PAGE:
Being an entrepreneur comes with many perks. It allows us to build a business we’re passionate about, and in doing so, it allows us the potential to live the life we want. On the flip side, although no one can fire us, we’re also the creators of our success, and owning that responsibility comes with great discipline.
1. Double down on your strengths, hire for your weaknesses
You need to understand what your strengths are and what you excel at when it comes to running your business. If you can, make that what you focus on most. Be self-aware and realize what tasks or parts of running the business you aren’t good at and seek out someone who is. I’m a huge believer in surrounding myself with people smarter than me in all my areas of weakness. It’s a challenge to think about delegating and may be hard to let go of your control, especially when you’re in the building phases. You may fear that no one will care as much as you do. However, what I’ve learned is the only way to scale is to get help… the right help. Take the time to be careful about who you choose and make sure they are a good fit. Planning to bring someone in to help you needs to be done in advance and ‘just’ before you need them. The sooner you realize this, the easier it will be to find the right fit to fill the gaps in your business rather than hiring in desperation.
2. Be mindful of wasting time
Being a boss means no one is telling you when to show up and get work done. You’re on your own. It’s essential to be mindful of what kind of “working” you are doing. Is it productive, money making time OR is it ‘fake work’- activities that make you FEEL like you are working and being busy? Are you procrastinating on your priorities and doing menial tasks that could be delegated or aren’t urgent? Sometimes we do this because it’s easy; it’s not uncomfortable and makes us feel good. But that is not how we grow, get more clients, and MAKE MORE MONEY! You need to be stronger than your strongest excuse. Had that phone call on your to-do list for too long? Stop what you are doing and call right now.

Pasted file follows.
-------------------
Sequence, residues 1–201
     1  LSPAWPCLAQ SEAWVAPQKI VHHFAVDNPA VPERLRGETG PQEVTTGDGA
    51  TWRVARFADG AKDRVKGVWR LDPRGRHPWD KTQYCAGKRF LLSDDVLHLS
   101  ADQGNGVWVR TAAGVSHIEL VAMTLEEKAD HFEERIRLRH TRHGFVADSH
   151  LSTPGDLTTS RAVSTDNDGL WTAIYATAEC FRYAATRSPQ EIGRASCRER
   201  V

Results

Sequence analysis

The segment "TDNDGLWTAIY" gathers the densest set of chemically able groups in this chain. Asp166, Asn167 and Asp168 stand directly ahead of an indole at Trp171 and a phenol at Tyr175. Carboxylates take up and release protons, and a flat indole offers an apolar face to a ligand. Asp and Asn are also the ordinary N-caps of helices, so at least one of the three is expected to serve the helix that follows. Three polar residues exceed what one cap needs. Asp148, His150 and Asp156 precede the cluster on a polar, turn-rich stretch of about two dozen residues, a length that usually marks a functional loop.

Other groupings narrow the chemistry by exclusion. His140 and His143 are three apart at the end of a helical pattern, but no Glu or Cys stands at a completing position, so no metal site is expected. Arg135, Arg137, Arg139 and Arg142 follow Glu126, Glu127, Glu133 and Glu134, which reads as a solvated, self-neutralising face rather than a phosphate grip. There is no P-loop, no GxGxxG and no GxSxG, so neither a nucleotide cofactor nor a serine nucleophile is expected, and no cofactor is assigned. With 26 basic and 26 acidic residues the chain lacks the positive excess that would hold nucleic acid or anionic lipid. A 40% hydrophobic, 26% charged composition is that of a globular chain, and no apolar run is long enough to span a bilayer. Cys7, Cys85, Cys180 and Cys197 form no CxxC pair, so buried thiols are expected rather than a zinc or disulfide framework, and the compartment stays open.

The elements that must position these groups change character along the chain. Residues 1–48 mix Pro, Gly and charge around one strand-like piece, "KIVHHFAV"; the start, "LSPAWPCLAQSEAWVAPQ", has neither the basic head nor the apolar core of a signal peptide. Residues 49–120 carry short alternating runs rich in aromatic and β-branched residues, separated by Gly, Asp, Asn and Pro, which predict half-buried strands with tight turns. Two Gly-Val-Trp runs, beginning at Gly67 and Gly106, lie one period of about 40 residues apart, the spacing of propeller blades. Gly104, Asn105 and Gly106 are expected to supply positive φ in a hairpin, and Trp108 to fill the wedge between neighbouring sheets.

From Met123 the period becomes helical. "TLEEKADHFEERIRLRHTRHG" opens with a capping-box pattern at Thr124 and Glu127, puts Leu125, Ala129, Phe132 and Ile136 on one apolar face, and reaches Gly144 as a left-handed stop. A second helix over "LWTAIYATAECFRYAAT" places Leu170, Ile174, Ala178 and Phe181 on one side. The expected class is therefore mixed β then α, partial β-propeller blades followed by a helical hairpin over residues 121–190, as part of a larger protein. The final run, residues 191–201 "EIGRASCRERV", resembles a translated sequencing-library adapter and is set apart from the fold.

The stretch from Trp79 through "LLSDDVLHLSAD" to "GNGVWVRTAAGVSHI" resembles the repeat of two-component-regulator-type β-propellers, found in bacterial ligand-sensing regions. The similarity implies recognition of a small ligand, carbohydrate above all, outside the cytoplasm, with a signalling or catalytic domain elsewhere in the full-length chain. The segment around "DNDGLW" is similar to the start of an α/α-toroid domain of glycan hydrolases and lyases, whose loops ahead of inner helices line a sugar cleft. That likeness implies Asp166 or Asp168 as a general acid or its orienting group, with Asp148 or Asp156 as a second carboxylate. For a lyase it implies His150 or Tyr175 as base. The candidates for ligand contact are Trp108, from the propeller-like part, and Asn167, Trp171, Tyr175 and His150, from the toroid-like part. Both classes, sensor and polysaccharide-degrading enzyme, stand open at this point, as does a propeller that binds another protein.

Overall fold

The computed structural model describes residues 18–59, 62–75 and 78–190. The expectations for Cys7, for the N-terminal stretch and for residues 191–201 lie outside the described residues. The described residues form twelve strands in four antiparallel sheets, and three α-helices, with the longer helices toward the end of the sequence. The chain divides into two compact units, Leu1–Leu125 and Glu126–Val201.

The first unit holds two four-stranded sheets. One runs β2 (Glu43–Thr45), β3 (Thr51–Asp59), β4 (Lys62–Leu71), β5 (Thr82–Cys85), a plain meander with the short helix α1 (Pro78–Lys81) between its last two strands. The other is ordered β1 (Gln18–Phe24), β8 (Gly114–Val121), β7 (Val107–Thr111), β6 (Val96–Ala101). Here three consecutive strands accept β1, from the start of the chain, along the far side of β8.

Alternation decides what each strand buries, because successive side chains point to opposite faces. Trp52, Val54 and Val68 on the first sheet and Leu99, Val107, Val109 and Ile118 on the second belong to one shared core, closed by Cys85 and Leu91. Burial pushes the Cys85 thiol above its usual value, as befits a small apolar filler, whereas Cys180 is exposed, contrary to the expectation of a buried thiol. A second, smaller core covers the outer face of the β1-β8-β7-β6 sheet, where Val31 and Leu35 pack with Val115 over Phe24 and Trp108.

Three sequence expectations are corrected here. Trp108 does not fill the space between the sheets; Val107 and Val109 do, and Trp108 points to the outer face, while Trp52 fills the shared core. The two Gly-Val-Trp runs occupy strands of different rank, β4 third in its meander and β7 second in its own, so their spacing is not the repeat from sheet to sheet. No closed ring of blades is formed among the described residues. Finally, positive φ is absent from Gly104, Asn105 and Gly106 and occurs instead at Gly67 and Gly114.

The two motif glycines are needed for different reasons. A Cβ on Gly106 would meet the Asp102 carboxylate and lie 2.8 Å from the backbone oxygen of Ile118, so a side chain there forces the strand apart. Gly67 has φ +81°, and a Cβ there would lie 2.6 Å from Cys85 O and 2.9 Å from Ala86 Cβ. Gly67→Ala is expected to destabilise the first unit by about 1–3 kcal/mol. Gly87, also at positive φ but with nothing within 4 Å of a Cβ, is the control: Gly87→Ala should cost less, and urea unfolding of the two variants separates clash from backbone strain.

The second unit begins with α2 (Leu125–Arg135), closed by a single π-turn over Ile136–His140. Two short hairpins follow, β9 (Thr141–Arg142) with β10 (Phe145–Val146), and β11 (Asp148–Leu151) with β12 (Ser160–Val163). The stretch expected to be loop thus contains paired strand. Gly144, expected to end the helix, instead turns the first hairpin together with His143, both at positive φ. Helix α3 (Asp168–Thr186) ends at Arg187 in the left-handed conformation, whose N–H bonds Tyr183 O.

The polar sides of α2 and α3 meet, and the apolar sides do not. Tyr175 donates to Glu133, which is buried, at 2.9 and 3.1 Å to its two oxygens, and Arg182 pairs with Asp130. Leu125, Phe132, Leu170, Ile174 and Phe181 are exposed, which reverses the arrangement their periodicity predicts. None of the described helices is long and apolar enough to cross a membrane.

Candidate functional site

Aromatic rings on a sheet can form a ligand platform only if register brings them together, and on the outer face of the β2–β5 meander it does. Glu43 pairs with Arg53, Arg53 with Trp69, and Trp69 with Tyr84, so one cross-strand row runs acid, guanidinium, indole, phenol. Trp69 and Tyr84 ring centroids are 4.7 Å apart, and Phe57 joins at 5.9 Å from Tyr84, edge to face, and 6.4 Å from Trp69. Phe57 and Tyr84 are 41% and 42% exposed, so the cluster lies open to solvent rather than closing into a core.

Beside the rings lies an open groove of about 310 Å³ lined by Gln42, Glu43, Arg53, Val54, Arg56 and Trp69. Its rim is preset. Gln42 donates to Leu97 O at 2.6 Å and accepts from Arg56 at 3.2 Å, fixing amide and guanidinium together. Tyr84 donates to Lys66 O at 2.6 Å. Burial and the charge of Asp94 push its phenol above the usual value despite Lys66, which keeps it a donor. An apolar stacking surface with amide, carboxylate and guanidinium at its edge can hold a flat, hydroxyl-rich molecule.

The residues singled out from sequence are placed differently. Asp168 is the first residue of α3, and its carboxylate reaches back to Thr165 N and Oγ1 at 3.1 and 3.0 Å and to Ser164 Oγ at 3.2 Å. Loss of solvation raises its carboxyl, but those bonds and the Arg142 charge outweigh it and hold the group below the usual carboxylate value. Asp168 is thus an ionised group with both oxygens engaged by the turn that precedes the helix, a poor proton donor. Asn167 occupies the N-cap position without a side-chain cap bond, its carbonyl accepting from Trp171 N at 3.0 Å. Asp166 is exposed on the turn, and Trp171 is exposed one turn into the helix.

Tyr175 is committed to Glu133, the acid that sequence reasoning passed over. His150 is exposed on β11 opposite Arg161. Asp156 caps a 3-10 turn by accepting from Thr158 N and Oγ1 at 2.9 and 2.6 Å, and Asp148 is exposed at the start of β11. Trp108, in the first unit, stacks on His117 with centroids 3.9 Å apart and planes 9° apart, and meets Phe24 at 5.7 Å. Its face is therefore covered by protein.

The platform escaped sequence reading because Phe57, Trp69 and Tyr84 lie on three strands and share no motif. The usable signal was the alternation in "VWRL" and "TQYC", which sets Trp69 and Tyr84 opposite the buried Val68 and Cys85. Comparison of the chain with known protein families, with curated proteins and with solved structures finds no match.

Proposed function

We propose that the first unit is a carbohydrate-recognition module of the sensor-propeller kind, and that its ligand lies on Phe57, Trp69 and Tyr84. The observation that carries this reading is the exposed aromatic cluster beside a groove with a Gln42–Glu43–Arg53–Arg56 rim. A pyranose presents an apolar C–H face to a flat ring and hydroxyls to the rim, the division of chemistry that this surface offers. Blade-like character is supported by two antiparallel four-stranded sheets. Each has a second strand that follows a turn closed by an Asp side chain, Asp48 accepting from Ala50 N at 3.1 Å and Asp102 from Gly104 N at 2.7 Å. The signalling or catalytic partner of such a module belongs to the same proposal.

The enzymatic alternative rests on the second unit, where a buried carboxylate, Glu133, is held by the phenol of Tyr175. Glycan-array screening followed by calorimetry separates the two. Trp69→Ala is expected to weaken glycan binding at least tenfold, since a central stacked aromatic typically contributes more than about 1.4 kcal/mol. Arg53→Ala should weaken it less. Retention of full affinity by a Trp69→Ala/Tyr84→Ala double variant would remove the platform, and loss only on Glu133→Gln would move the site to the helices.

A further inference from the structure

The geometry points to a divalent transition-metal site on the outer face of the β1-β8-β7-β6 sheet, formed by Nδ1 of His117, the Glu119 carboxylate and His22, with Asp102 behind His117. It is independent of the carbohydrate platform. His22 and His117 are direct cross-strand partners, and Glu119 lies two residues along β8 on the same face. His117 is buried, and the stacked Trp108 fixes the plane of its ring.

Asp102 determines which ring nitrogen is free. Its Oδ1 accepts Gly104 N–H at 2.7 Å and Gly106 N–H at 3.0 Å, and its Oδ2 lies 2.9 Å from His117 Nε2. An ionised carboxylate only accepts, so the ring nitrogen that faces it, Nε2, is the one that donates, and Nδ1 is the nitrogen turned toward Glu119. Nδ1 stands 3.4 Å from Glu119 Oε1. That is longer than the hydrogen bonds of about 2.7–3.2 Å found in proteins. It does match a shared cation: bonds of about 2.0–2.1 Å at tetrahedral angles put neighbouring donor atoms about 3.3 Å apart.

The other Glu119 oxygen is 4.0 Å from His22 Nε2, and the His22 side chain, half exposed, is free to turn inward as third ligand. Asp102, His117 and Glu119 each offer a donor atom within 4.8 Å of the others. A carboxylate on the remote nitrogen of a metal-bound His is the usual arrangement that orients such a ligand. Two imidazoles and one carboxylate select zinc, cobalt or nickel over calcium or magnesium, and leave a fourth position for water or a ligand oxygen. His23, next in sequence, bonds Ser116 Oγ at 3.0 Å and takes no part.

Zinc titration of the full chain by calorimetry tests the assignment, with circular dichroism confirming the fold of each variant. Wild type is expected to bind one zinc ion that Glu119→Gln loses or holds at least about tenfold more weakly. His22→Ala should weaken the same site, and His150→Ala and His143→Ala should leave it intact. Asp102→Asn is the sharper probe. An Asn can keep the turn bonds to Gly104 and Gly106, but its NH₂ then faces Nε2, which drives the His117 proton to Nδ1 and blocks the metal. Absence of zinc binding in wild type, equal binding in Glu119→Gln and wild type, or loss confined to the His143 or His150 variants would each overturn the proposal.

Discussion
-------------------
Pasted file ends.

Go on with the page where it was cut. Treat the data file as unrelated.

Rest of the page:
By being mindful of how you spend your time, you will be able to prioritize your action items so that you can continue to move your business forward and quit procrastinating, feeling like we are doing SO much but not ever getting anywhere. I’ve found time blocking to be an excellent method to help with productivity.
3. Take breaks
I learned this the hard way. I never took breaks because I thought I had to work 14 hours straight, or I would be a failure. What I learned is a quick break or even weekend vacation refreshed my brain, and I was more productive by working fewer hours. I don’t care if it’s a non-negotiable 45 minutes a day, you need to stop and recharge your batteries. If you don’t take some time to breathe and rejuvenate, you will be less productive, and you run the risk of burning out.
Longer hours just had me working less efficiently because I was more tired or less energized than I wanted to admit.
4. Be an active student of the game
You don’t know everything. It’s important to stay humble and continue to learn. If you aren’t always learning about how to be better at your craft, how to stay competitive, and studying trends, you are setting yourself up for stagnation or, worse, not creating a sustainable business model. You always need to be comfortable with getting uncomfortable and be a sponge for new information. I always say coaches need coaches, and maybe you need to hire someone to keep pushing you to learn more? We need to remain engaged and always put the best foot forward to improve. This can come in forms of self-development and personal growth as much as business! Look for podcasts, speakers, books, or mentors that you can continue to learn and grow from. Don’t be afraid to ask for help when you need to.